More soap!

I’m rather perplexed sometimes. How can I be the organic, eco-friendly, make-all-my-food-from-scratch, use-a-bare-minimum-of-beauty-products, DIY kind of person that I am and I ONLY ventured into soap making last summer?!

I simply cannot understand why it never occurred to me years ago. I love it. Even though I’ve only made soap 3 times so far 🙂

My first 2 batches of hand and body bar soap just came to an end after 5 1/2 months. I really can’t complain despite the bars being softer and disappearing quicker than the conventional soap I’d been using. My homemade soap is organic and that’s a main objective for everything I purchase in regards to the food I consume (or grow) and bath and beauty products.

By making my own soap, I avoid parabens, colors, fragrances, sulfates, phthalates, PEG’s, triclosan (a pesticide), petroleum products AND MORE. There are so many nasty ingredients out there! It takes serious research to know what you’re exposed to and what you should steer clear of.

Last night, because I’m out of shampoo, I made a different type of bar. A shampoo bar! From 100% organic, coconut oil, water and lye. I used an easy recipe from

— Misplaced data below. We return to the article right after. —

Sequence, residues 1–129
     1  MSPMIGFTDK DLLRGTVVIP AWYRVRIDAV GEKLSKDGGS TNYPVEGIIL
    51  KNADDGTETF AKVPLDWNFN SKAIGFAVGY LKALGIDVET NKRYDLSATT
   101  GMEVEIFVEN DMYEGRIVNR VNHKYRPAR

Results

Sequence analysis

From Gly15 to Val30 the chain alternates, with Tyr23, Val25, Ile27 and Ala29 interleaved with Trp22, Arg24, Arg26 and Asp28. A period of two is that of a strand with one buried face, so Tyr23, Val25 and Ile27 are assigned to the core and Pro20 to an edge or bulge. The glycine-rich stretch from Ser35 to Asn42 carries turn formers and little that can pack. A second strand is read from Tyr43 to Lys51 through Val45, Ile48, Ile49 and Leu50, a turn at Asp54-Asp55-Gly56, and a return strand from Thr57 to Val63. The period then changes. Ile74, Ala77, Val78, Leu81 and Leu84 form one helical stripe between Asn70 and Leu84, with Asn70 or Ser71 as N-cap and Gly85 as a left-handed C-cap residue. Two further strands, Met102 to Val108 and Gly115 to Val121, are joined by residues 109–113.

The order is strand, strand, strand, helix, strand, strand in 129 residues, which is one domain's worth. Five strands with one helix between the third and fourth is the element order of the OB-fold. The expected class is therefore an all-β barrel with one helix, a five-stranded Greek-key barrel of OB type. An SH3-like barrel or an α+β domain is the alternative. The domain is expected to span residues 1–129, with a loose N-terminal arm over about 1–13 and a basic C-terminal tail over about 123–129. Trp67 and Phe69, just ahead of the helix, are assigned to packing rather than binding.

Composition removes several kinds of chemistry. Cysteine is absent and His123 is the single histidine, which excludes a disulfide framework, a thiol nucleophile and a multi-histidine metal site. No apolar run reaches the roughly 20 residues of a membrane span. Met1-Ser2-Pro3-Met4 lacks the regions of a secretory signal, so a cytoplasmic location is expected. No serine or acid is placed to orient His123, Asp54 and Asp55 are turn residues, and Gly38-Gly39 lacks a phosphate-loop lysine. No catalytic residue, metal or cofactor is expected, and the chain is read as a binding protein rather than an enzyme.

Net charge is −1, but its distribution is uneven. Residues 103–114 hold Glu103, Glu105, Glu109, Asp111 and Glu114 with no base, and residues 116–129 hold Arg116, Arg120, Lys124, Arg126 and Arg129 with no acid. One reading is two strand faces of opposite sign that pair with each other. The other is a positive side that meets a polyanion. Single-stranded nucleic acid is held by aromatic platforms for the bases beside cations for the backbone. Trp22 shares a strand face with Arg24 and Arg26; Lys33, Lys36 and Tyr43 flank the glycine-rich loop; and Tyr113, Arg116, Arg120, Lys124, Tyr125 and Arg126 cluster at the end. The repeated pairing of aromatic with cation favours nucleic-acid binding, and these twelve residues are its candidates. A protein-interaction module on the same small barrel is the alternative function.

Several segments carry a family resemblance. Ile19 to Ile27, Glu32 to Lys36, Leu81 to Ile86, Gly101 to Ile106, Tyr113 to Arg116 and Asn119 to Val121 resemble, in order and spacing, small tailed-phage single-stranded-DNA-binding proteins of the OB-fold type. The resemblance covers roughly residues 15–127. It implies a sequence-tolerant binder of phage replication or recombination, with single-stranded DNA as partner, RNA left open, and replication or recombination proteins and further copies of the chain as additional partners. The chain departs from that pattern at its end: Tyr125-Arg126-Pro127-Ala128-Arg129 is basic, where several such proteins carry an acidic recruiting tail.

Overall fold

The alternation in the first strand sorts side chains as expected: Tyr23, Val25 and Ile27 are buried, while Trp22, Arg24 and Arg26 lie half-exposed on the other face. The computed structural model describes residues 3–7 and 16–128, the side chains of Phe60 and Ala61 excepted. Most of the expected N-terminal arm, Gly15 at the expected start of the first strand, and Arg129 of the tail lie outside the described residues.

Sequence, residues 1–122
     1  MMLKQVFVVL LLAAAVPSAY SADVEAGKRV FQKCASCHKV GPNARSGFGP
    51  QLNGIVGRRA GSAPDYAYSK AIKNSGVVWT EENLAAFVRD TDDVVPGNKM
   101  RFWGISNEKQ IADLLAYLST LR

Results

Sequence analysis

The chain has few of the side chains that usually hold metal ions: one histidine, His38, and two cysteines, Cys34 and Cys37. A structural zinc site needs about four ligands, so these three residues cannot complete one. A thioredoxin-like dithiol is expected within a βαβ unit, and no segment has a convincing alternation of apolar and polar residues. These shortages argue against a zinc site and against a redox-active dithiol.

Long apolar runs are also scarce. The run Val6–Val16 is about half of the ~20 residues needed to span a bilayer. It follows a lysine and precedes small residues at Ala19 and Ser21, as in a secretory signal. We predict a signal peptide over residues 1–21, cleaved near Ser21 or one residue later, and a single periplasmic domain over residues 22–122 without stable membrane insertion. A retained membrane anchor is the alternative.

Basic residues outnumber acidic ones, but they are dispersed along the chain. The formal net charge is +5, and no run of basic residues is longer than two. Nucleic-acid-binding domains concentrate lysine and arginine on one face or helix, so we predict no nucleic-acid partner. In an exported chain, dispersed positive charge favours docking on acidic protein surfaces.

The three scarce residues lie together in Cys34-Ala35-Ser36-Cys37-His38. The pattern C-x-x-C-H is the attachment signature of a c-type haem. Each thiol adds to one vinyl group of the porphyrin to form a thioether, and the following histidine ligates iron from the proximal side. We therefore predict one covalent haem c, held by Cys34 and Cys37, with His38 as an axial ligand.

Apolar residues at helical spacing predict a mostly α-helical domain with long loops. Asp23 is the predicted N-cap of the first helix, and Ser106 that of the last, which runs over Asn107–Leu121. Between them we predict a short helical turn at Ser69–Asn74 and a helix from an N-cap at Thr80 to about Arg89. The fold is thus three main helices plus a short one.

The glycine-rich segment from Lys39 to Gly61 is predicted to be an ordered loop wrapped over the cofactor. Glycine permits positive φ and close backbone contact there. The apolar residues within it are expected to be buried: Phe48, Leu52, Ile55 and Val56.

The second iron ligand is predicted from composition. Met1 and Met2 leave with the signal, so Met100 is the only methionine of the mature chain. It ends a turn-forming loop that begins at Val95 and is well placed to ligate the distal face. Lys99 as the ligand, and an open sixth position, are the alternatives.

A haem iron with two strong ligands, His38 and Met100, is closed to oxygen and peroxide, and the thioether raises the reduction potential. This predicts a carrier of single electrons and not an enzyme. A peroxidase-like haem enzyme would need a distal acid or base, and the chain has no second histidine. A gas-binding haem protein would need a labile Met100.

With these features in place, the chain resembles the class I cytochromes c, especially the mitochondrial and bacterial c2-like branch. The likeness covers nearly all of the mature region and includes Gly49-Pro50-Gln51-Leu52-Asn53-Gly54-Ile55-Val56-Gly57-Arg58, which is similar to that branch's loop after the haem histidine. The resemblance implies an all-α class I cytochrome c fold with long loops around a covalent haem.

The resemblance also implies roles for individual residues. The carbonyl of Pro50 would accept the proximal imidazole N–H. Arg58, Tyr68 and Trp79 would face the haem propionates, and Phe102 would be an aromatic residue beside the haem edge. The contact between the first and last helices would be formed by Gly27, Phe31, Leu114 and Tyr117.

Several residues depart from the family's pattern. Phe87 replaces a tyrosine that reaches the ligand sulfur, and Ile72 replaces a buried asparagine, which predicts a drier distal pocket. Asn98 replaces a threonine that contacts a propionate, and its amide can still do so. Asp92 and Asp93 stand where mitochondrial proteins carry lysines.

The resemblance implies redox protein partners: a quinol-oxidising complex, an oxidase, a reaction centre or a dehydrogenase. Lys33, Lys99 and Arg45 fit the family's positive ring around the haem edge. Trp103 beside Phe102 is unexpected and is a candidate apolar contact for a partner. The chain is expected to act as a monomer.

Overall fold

I was hopeful, and also apprehensive, about using shampoo made entirely of oil. I’d read reviews from other people who’ve made it and they ranged from “my hair is awful” to “my hair feels fabulous”. I’m happy to say I’m on the fabulous end of matters. And I couldn’t be more thrilled.

I now make my own deodorant, toothpaste, household scrub cleanser, laundry soap, hand & body bar soap AND shampoo! Dish soap is next. I have the supplies but don’t know how to make a substitution in the recipe. . . . . the woman of the blog where I found the recipe has never answered my question.